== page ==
G8 and tragedy of Africa

Rich nations are forcing African states to change laws to facilitate private investment in agriculture in a replay of colonial adventurism

 
By Latha Jishnu
Last Updated: Sunday 07 June 2015

imageThe white man’s burden never eases. Long after the sun set on colonial empires, the rich nations of the world who make the G8, the smallest and most powerful club of their group, are preparing for yet another onerous task. After redrawing regional boundaries, creating a host of new nations and bringing democracy to dark corners of the world in the last century in return for their treasury of natural resources, the new powers have launched a new crusade. This is to lift 50 million Africans out of poverty in the next decade, primarily by setting right their agriculture.

Virtuously called The New Alliance for Food Security and Nutrition, this neo-colonial enterprise is apparently all about G8’s commitment “to expand Africa’s potential for rapid and sustainable agricultural growth”. Governments of these countries - the US, UK, Germany, France, Italy, Canada, Japan and Russia - will provide funding of sorts to those African nations willing to join up but the true saviours will be private companies, many of them the multinationals who dominate the global seed and pesticides business or control the trade. Private companies are expected to pour in about $3.5 billion into countries where poverty and hunger are endemic.

And among the line-up of companies that have signed the Private Sector Declaration of Support for African Agricultural Development are the usual suspects: Archer Daniel Midlands, Bayer CropScience, Cargill, DuPont, Monsanto, Syngenta and Yara of Norway. Close to four dozen companies are involved in this project - admittedly not all are multinationals but include small companies from the developing world - and clearly they are looking for rich pickings. The New Alliance was set in motion in May 2012 at the last summit of G8 in Camp David, and its cheerleaders are Barack Obama and acolyte David Cameron of the UK who is seeking to cover himself with glory with his campaign to end hunger at the just-concluded G8 summit in Lough Erne, Northern Ireland.

How different are the Lough Erne and the 2012 Camp David summits from the Berlin conference of 1884-5 when the great powers of that era thought up a similar project. Under the cloak of liberating the Dark Continent from slavery, the European empires (with the US going along) were in effect deciding the carve-up of Africa among themselves. It is a toss-up as to which of these is the more cynical exercise. In the 19th century, the big powers rushed to grab the resources and territory of Africa for their territorial ambitions; in today’s scramble for Africa it is about ensuring corporate control over land and resources in those very nations.

The emphasis on private investment is the most troubling factor. African, European and US non-profits working towa - rds sustainable agriculture systems have warned that hundreds of millions of hectares of arable African land will pass into the control of the food and agri-biotech giants. The partnership agreements that the alliance countries have signed do nothing to dispel these fears. The Institute for Agriculture and Trade Policy, an international advocacy for sustainable food, farm and trade policies, points out that “corporations are not parties to the human rights covenants that oblige most governments to realize the universal human right to food.” Another influential non-profit Oxfam says the New Alliance “focuses too heavily on the role of the private sector to tackle the complex challenges of food insecurity in the developing world.”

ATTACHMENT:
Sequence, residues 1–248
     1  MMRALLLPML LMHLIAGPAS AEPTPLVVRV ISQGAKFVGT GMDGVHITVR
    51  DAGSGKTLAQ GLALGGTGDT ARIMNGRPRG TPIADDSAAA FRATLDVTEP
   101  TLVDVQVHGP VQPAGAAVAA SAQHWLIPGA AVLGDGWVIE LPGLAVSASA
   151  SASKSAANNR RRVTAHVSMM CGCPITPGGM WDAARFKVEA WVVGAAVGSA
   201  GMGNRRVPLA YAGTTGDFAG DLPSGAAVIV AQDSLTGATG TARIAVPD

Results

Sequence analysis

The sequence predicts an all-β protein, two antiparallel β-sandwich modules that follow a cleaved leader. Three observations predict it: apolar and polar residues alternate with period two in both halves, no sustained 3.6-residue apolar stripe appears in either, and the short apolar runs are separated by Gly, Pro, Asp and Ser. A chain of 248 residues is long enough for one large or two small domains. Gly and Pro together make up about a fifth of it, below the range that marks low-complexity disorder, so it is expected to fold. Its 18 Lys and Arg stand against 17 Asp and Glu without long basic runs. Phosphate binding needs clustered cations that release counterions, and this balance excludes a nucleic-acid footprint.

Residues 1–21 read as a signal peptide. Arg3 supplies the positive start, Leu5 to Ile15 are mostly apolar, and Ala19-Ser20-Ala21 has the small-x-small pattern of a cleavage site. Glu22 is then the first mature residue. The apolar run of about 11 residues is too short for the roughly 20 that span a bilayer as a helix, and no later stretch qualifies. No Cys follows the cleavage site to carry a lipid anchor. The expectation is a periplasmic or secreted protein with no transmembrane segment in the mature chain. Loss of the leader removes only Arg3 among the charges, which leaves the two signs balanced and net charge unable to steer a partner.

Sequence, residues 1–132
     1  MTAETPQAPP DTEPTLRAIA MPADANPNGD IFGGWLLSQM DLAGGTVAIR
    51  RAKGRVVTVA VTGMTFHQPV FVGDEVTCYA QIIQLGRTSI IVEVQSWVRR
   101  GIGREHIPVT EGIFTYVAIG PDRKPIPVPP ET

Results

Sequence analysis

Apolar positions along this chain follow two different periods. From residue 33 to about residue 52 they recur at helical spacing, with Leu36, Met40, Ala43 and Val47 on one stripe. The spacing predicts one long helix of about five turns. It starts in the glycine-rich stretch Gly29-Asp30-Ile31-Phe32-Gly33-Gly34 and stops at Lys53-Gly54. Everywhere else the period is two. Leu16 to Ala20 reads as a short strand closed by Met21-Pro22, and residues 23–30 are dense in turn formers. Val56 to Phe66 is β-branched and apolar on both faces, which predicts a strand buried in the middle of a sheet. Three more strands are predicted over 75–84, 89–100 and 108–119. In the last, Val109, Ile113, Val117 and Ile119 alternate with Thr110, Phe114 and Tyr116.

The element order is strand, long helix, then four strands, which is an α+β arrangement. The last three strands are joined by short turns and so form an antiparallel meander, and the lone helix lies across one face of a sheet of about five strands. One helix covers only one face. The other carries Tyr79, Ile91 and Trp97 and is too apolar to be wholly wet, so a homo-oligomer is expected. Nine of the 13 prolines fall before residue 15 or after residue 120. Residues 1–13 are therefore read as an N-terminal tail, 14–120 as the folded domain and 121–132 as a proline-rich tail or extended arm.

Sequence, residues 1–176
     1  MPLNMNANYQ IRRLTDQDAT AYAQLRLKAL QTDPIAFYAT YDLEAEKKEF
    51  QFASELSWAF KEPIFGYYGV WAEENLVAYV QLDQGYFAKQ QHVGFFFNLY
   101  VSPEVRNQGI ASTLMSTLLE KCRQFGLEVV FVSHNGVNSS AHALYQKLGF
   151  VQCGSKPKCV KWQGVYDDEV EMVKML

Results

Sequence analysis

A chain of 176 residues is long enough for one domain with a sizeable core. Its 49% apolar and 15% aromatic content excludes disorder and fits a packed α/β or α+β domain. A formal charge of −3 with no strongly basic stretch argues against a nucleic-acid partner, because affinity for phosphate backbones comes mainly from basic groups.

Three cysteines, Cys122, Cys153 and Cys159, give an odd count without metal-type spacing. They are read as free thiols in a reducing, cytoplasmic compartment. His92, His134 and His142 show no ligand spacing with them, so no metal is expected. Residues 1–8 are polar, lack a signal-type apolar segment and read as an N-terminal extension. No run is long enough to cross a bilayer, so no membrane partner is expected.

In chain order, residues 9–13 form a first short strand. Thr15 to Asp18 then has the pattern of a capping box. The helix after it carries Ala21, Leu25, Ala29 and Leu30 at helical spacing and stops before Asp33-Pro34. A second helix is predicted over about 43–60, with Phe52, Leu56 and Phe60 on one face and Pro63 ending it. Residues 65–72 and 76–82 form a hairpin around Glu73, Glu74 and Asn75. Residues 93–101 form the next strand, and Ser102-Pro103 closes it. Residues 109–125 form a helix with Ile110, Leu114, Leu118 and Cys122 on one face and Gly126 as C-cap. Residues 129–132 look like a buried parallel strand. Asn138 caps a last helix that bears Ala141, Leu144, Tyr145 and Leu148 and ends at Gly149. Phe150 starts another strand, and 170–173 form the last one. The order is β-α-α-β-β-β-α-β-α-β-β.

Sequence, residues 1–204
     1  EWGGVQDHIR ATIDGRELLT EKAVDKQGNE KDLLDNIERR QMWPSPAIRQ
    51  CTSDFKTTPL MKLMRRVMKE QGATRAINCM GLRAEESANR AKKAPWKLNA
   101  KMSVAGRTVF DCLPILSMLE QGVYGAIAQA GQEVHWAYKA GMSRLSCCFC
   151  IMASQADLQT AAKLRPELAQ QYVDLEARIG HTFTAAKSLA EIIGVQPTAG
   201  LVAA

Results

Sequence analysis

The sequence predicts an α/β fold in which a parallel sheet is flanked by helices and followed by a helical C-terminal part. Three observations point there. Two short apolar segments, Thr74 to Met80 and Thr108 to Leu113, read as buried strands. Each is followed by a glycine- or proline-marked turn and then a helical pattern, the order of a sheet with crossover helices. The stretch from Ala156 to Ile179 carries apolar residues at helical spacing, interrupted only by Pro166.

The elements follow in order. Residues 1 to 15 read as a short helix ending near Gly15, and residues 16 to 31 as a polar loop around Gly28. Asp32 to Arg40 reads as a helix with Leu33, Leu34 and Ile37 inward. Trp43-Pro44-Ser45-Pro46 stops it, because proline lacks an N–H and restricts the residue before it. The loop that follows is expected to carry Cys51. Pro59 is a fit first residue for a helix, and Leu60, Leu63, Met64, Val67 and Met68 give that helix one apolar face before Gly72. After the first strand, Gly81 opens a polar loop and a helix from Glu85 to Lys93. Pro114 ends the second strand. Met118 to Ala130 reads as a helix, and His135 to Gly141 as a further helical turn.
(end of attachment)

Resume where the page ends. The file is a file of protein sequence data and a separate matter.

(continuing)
And yet, there is a desperate readiness by African countries to sign up for the promised benefits. So far, nine countries, Nigeria, Benin, Malawi, Ghana, Burkina Faso, Ivory Coast, Ethiopia, Mozambique and Tanzania, have joined the alliance with a simple price for entry. This is a commitment that they will ensure major changes in policy to facilitate investment opportunities and trade. Ivory Coast and Mozambique, for example, have agreed to pass legislation to promote partnerships that will “facilitate access to land for smallholder farmers and private enterprises”. Vast numbers of farmers in Mozambique have lost their land and in Ivory Coast, a huge displacement is expected with French, Swiss, Singaporean and Algerian companies signing deals for over 600,000 hectares. The most egregious example is Ethiopia which has already leased around 4 million hectares to foreign companies. The lives of hundreds of thousands of small farmers are at stake.

But land alone is not the issue; these countries will also have to change their seed and food trade regulations. Mozambique has agreed to “systematically cease distribution of free and unimproved seeds”, paving the way for private companies to bring in their patented varieties once these country pass legislation granting intellectual property rights on seeds. In short, the conquering armies of the past have been replaced by subtler forms of appropriation-through legislation and contracts signed by compliant regimes.

That is the tragedy of Africa. History repeats itself.

 

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